Sometimes people say I "have a gift with animals". When they do, I shake my head. It is definitely less of a "gift" and more of the fact that given the opportunity, throughout my life I have always chosen to spend my time alongside, watching documentaries about, researching or reading about animals. My only "gift" is an obsessive nature paired with an overly emotional personality- not really much of a gift! 


When I was nine my parents finally caved in and bought me a puppy. As soon as I could open my mouth to speak "Please can we get a dog?" was echoed over and over. I was fascinated and in awe of the creatures, something within me oriented towards them. I can't even explain it now, but loving dogs is so inherent to me that if anybody is so much as indifferent towards them, I find it hard to believe. No matter what I was going through, the one constant, the people I could always rely on, were dogs. Dogs aren't this golden aura of selfless godliness as portrayed in the movies, but there is something about them that is so honest and resonating. Dogs don't lie. I suppose that is why I have always idolised them so much. 


My Grandmother's dog was my first idol- or victim, dependent on how you view it. Jessie was her name and she was a beautiful tricolour border collie. I made agility courses of flowerpots and bamboo sticks and traipsed her around the garden pretending we were seasoned Crufts veterans. I would make paper rosettes and present them in grand awards ceremonies attended by only myself and Jess. 

By the time I was nine, Jess had taught me a lot about dogs already. She taught me the basics of canine care, husbandry and training, but most importantly she taught me to respect our canine companions. One time I pushed her too far, pestering her to play a game she didn't want to be part of, and I very nearly got bitten. So when I was given an eight week old border terrier puppy I thought it'd be easy. I was wrong. Hazel, I named her after her reddish-brown colour, was a nightmare. She attacked ankles, had no off-switch, chewed, dug up the garden, toileted inside and acted entirely how puppies do. It is an unsaid thing about puppies that a lot of the time they frustrate you, upset you and leave you wanting to pull your hair out. We tend to forget that when we reminisce about that puppy-dog smell, those oversized paws and adorable demeanour. My parents were desperate, they even called up the breeder and The Border Terrier Club of Great Britain for advice, which suggested we attended puppy school, advice which was of great interest to me, so off we went to learn!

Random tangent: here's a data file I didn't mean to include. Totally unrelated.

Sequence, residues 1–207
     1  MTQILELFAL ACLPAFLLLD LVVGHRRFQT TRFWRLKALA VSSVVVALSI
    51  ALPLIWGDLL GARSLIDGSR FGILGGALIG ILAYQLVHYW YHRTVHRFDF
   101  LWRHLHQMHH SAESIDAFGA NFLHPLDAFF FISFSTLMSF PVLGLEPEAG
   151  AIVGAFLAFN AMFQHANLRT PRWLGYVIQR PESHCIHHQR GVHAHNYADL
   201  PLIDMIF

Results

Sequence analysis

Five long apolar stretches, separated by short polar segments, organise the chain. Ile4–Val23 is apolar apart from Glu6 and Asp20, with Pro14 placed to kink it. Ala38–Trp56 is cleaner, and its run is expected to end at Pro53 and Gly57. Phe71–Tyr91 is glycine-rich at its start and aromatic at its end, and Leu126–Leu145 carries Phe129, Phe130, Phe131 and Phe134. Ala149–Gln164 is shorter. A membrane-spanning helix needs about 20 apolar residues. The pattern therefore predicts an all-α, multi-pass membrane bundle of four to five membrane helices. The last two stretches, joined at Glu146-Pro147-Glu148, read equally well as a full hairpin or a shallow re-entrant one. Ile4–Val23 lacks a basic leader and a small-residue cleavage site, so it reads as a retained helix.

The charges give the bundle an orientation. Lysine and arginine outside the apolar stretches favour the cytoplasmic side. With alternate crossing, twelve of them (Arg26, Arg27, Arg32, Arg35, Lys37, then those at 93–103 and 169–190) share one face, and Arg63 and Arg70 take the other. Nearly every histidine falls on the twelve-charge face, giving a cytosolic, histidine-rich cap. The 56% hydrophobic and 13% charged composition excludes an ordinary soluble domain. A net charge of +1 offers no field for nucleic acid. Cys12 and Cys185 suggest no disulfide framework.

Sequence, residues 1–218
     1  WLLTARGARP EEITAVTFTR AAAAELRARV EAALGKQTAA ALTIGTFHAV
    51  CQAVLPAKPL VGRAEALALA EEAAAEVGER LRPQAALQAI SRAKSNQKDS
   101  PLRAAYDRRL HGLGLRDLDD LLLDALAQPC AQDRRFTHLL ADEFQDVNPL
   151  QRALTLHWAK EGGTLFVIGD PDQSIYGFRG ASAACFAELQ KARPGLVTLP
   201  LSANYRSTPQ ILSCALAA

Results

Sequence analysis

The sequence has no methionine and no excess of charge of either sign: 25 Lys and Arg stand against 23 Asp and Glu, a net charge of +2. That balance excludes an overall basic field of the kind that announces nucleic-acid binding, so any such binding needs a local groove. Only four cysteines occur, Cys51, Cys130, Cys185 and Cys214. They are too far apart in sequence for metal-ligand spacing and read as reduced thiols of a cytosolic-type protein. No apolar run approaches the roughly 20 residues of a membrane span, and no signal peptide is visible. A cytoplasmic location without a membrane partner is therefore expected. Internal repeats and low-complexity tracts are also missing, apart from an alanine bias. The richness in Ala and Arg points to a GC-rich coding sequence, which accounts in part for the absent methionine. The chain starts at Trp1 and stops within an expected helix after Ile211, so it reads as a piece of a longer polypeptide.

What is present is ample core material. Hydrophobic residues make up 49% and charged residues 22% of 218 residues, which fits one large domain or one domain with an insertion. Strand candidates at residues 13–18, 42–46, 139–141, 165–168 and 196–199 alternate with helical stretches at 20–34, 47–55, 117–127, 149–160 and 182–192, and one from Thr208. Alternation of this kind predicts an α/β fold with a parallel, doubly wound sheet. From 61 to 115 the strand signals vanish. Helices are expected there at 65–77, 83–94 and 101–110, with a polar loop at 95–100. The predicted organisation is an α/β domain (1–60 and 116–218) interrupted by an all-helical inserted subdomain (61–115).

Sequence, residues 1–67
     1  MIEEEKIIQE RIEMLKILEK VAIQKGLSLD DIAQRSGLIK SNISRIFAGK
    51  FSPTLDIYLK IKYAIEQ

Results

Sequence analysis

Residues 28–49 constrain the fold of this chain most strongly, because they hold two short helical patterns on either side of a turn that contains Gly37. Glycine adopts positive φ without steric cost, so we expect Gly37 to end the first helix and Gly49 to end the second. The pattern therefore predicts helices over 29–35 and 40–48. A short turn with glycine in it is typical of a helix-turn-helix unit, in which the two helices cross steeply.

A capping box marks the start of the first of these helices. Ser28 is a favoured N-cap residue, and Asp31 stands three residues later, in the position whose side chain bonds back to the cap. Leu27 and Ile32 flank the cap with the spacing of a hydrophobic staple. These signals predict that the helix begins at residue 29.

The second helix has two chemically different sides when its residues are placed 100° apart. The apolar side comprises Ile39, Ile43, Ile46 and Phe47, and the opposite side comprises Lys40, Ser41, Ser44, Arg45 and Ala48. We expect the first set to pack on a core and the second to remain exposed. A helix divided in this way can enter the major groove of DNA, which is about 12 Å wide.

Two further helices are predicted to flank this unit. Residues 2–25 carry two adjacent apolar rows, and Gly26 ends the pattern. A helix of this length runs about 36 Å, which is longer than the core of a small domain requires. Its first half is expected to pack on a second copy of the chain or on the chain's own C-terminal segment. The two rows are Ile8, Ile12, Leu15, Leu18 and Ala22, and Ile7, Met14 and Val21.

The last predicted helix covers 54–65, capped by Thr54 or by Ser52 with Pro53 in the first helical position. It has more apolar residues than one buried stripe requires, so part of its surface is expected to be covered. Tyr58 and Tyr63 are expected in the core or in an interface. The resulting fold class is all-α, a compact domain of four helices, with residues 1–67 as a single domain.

Fast forwards almost a year, and Hazel was a model citizen (almost), and after winning a handful of rosettes at a local dog show, I had well and truly been bitten by the dog training bug.


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